Ever since Apple made its Macintosh operating system free, a new version comes out every fall. It’s nice to have a predictable upgrade schedule, but what’s the best way to upgrade Mac OS?
In my experience starting fresh is the best method. I have often seen account folders migrated through four or five Mac computers spanning more than a dozen years. Convenience is the primary motivation when migrating content to a new Mac or when performing an OS upgrade. With this migration or clickable upgrade, unwanted files, incompatible software and obsolete drivers also make their way to the new system. This system junk often takes up valuable space on the hard drive and can lead to confounding software glitches.
To do a clean Mac OS install, you’ll need to have a bootable Mac OS Installer drive. We used to be able to simply pop a Mac OS X DVD Installer into the optical drive, but this is no longer the case. All new Mac OS Installers starting with Mac OS 10.7 Lion have been distributed through the App Store. After downloading the Mac OS Installer app, you can use a tool such as DiskMaker X to create a bootable USB Mac OS Installer onto an 8GB thumb drive.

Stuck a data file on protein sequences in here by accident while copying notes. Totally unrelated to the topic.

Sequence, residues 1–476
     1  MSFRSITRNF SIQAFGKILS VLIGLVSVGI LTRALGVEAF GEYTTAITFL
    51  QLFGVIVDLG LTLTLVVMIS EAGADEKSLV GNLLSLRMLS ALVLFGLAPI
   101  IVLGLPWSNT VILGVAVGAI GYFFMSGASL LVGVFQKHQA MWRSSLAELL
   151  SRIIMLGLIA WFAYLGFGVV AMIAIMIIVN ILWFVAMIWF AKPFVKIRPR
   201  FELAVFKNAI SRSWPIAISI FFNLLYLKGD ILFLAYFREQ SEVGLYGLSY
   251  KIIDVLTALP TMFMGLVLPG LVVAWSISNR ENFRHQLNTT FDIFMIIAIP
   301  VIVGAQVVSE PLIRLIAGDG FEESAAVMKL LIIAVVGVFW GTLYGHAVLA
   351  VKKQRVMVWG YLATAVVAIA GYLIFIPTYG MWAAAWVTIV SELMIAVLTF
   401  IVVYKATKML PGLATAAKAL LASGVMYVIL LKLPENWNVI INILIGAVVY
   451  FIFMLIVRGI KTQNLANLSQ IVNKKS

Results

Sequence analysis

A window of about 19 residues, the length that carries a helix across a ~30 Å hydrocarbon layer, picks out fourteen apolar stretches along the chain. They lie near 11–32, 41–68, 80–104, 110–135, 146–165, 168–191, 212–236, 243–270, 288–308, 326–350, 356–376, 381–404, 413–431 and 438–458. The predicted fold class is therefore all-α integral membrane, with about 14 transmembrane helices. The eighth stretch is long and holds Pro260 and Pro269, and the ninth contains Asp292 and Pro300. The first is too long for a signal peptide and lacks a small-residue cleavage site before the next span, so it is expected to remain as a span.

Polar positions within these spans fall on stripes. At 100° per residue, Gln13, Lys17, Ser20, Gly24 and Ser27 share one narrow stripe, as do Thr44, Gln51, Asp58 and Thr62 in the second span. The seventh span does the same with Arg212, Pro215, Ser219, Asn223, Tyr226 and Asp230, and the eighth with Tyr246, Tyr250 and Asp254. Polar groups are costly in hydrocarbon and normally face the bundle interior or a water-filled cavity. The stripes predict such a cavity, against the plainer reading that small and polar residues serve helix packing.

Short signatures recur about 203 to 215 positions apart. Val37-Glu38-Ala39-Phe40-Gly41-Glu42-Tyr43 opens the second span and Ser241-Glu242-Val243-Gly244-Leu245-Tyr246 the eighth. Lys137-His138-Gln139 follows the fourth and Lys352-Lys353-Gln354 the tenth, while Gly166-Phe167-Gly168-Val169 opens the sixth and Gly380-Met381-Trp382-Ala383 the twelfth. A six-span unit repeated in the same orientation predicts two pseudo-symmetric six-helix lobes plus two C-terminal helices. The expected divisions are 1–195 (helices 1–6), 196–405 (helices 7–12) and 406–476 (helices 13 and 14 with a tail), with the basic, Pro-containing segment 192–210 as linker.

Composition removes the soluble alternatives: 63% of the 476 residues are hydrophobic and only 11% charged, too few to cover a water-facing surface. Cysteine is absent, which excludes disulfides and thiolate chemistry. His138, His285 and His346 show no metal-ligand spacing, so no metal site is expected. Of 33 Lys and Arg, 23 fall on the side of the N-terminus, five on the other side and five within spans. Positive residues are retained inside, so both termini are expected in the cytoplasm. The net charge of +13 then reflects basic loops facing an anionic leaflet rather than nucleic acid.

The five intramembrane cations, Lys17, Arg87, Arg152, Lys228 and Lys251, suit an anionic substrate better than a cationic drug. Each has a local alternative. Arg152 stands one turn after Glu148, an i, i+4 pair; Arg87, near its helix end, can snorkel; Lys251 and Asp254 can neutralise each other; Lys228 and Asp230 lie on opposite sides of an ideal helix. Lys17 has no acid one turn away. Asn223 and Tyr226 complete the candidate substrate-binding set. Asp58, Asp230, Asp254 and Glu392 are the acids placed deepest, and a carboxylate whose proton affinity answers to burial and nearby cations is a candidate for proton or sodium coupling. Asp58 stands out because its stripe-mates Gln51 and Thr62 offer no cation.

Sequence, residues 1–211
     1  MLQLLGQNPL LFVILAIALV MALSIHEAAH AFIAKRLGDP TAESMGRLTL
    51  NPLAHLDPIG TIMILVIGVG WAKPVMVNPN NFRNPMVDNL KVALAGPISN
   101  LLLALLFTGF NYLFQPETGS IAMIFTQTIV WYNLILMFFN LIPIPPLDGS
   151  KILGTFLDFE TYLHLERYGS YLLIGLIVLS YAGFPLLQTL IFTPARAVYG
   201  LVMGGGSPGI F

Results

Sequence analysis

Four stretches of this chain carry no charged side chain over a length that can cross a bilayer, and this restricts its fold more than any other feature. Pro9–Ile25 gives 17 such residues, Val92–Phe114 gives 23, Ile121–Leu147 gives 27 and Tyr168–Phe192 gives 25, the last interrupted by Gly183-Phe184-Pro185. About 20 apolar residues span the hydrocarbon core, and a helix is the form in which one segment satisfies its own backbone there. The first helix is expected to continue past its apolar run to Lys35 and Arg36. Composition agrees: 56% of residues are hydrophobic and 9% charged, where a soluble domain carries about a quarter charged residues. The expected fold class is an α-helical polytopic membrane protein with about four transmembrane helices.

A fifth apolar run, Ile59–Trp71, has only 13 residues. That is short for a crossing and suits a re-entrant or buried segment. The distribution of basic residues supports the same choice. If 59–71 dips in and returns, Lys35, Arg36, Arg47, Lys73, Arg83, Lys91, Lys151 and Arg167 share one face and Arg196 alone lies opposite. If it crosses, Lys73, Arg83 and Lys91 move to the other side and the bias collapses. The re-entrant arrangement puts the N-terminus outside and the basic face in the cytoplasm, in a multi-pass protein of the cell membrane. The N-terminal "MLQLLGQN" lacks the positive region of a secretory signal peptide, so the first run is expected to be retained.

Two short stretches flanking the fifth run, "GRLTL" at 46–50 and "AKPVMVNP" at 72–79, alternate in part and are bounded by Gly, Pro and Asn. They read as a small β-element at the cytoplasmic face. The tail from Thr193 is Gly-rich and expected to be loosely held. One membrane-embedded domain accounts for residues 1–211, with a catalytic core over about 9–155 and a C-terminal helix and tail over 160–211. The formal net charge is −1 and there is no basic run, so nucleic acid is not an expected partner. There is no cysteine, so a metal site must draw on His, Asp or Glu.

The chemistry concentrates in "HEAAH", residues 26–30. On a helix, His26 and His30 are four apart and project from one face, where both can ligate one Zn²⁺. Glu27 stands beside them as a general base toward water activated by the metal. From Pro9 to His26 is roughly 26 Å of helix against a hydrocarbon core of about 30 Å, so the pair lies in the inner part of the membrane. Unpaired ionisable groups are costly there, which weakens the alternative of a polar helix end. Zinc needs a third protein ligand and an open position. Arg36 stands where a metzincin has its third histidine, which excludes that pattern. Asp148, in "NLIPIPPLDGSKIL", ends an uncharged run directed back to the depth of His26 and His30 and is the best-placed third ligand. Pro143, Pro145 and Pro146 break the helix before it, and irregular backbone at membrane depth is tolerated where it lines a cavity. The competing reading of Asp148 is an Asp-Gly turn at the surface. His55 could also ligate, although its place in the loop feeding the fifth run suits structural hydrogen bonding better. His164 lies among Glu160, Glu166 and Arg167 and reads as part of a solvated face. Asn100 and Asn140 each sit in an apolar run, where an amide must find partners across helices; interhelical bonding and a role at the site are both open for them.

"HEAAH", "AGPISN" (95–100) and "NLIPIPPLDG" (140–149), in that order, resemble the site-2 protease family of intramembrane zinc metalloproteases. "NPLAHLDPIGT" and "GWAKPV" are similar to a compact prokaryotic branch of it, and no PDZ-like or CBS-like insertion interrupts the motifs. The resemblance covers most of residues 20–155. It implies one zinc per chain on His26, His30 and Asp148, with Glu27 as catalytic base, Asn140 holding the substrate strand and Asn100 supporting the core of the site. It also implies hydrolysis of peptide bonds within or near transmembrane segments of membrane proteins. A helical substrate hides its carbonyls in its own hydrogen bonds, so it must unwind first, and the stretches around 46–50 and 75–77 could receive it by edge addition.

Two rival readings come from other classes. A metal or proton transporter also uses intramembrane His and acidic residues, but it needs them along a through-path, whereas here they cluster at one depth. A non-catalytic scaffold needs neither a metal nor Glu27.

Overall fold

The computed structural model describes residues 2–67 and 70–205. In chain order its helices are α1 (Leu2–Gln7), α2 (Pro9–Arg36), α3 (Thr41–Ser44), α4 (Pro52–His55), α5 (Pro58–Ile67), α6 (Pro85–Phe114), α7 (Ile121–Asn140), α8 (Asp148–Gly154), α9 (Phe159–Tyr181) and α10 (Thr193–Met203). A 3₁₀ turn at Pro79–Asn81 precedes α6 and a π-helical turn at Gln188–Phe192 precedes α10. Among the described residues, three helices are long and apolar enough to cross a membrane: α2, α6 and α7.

Prior to formatting your Mac’s internal hard drive for a clean install, you’ll want to make sure to back up all of your data on an external hard drive. This can be done either manually by drag-and-drop or automatically through Time Machine. You’ll need this backup to transfer any documents, pictures, music and files back onto the internal hard drive that has the clean installation of Mac OS.
With a clean installation of Mac OS, you’ll only have the newest system files on your hard drive. It’s as if your Mac was new, similar to the first time you unboxed it and pressed the power button. This method is certainly not as convenient as doing an upgrade through the App Store or using Migration Assistant. Nevertheless the time spent doing a clean install and then manually transferring your files is well worth it. This method guards against many software glitches and also forces you to do the housekeeping necessary to maximize the storage space on your hard drive.
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